Injurious mechanical compression of bovine articular cartilage induces chondrocyte apoptosis.

Center for Biomedical Engineering, Department of Electrical Engineering and Computer Science, Massachusetts Institute of Technology, Cambridge 02139, USA.
Archives of Biochemistry and Biophysics (Impact Factor: 3.04). 09/2000; 381(2):205-12. DOI: 10.1006/abbi.2000.1988
Source: PubMed

ABSTRACT A bovine cartilage explant system was used to evaluate the effects of injurious compression on chondrocyte apoptosis and matrix biochemical and biomechanical properties within intact cartilage. Disks of newborn bovine articular cartilage were compressed in vitro to various peak stress levels and chondrocyte apoptotic cell death, tissue biomechanical properties, tissue swelling, glycosaminoglycan loss, and nitrite levels were quantified. Chondrocyte apoptosis occurred at peak stresses as low as 4.5 MPa and increased with peak stress in a dose-dependent manner. This increase in apoptosis was maximal by 24 h after the termination of the loading protocol. At high peak stresses (>20 MPa), greater than 50% of cells apoptosed. When measured in uniaxial confined compression, the equilibrium and dynamic stiffness of explants decreased with the severity of injurious load, although this trend was not significant until 24-MPa peak stress. In contrast, the equilibrium and dynamic stiffness measured in radially unconfined compression decreased significantly after injurious stresses of 12 and 7 MPa, respectively. Together, these results suggested that injurious compression caused a degradation of the collagen fibril network in the 7- to 12-MPa range. Consistent with this hypothesis, injurious compression caused a dose-dependent increase in tissue swelling, significant by 13-MPa peak stress. Glycosaminoglycans were also released from the cartilage in a dose-dependent manner, significant by 6- to 13-MPa peak stress. Nitrite levels were significantly increased above controls at 20-MPa peak stress. Together, these data suggest that injurious compression can stimulate cell death as well as a range of biomechanical and biochemical alterations to the matrix and, possibly, chondrocyte nitric oxide expression. Interestingly, chondrocyte programmed cell death appears to take place at stresses lower than those required to stimulate cartilage matrix degradation and biomechanical changes. While chondrocyte apoptosis may therefore be one of the earliest responses to tissue injury, it is currently unclear whether this initial cellular response subsequently drives cartilage matrix degradation and changes in the biomechanical properties of the tissue.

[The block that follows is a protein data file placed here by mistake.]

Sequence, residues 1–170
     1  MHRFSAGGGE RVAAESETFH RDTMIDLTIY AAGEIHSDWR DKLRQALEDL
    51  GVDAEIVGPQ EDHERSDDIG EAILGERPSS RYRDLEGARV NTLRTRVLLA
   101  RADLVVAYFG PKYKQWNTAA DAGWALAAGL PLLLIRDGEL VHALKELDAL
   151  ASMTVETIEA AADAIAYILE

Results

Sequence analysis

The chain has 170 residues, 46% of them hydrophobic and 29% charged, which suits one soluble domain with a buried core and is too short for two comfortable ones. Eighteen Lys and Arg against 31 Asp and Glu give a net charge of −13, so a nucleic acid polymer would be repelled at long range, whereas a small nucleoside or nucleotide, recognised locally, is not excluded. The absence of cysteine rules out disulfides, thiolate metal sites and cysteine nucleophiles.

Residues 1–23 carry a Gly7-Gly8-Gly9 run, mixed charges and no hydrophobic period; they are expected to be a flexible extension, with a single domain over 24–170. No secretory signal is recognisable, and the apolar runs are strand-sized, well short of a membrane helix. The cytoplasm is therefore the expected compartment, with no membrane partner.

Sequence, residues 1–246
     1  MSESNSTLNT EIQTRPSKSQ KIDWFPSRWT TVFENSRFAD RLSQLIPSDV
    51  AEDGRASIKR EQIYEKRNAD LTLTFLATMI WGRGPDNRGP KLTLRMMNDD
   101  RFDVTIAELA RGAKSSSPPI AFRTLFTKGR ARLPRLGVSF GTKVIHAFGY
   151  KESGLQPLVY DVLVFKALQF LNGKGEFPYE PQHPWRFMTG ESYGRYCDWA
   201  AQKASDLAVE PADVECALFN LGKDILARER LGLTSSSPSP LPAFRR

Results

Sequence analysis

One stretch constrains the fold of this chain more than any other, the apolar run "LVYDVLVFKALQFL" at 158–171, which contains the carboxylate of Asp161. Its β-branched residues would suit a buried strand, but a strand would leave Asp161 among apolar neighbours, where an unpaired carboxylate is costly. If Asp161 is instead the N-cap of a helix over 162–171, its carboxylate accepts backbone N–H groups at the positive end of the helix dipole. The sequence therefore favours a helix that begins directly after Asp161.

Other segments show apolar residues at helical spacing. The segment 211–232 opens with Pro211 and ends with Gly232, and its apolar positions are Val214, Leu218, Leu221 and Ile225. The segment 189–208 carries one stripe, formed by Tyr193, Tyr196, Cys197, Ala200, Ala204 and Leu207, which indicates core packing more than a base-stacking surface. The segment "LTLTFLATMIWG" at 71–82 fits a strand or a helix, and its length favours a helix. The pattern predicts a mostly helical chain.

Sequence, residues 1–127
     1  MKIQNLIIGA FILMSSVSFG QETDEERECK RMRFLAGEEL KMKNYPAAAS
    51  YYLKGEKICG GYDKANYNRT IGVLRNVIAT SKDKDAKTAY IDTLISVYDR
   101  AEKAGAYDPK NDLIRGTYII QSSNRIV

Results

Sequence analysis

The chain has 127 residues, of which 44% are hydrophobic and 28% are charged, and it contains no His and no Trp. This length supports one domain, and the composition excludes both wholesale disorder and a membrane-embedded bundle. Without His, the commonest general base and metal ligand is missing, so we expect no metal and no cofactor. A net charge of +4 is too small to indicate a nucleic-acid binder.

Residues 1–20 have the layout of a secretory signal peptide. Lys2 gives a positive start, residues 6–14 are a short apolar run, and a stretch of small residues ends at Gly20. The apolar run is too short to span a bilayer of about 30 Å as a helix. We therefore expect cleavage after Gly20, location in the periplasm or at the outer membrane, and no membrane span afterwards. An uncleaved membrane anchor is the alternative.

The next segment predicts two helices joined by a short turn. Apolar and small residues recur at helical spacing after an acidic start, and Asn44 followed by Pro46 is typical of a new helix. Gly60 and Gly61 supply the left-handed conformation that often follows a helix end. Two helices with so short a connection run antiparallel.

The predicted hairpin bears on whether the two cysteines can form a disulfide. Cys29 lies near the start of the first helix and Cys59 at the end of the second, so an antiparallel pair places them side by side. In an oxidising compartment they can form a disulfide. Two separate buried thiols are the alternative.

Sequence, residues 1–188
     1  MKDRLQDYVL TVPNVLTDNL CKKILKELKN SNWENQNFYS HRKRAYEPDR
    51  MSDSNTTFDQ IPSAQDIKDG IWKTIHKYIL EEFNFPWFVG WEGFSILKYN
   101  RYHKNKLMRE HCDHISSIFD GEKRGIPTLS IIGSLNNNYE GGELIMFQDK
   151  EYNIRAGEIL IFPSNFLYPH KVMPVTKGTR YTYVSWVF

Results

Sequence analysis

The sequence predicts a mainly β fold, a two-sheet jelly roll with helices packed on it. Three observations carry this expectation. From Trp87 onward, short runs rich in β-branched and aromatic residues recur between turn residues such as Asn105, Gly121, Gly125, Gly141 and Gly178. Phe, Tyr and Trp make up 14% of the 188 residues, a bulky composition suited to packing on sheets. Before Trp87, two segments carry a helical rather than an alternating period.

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    ABSTRACT: We investigated the histopathological and immunohistochemical effects of loading on cartilage repair in rat full-thickness articular cartilage defects. A total of 40 male 9-week-old Wistar rats were studied. Full-thickness articular cartilage defects were created over the capsule at the loading portion in the medial condyle of the femur. Twenty rats were randomly allocated into each of the 2 groups: a loading group and a unloading group. Twenty rats from these 2 groups were later randomly allocated to each of the 2 groups for evaluation at 1 and 2 weeks after surgery. At the end of each period, knee joints were examined histopathologically and immunohistochemically. In both groups at 1 and 2 weeks, the defects were filled with a mixture of granulation tissue and some remnants of hyaline cartilage. The repair tissue was not stained with toluidine blue in both groups. Strong staining of type I collagen was observed in the repair tissue of both groups. The area stained with type I collagen was smaller in the unloading group than in the loading groups, and the stained area was smaller at 2 weeks than at 1 week. In the staining for type II collagen, apparent staining of type II collagen was observed in the repair tissue of both groups at 1 week. At 2 weeks, there was a tendency toward a higher degree of apparent staining in the loading group than in the unloading group. Accordingly, these results indicated that loading and unloading in the early phase of cartilage repair have both merits and demerits.
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    ABSTRACT: Cartilage injury often results in matrix degradation and in secondary osteoarthritis. This study was designed to correlate cell death and matrix degradation with biomechanical properties of cartilage. Full-thickness mature bovine femoral articular cartilage was harvested as 5 mm diameter cylindrical disk explants. Explants were divided into three groups: control, injury, and IL-1. The injury group was subjected to mechanical compression of 40% strain for five minutes. The IL-1 group was cultured in media containing 10 ng/mL of IL-1beta. The control group was not injured or exposed to IL-1beta. Chondrocyte viability, glycosaminoglycan release in media, and equilibrium creep were measured ten days after injury. A reduction in cell viability was seen after injury. A significant increase in glycosaminoglycan release and in equilibrium creep was detected in injured explants and in explants exposed to IL-1beta. A correlation was also found between the equilibrium creep and glycosaminoglycan content after injury and IL-1beta stimulation.

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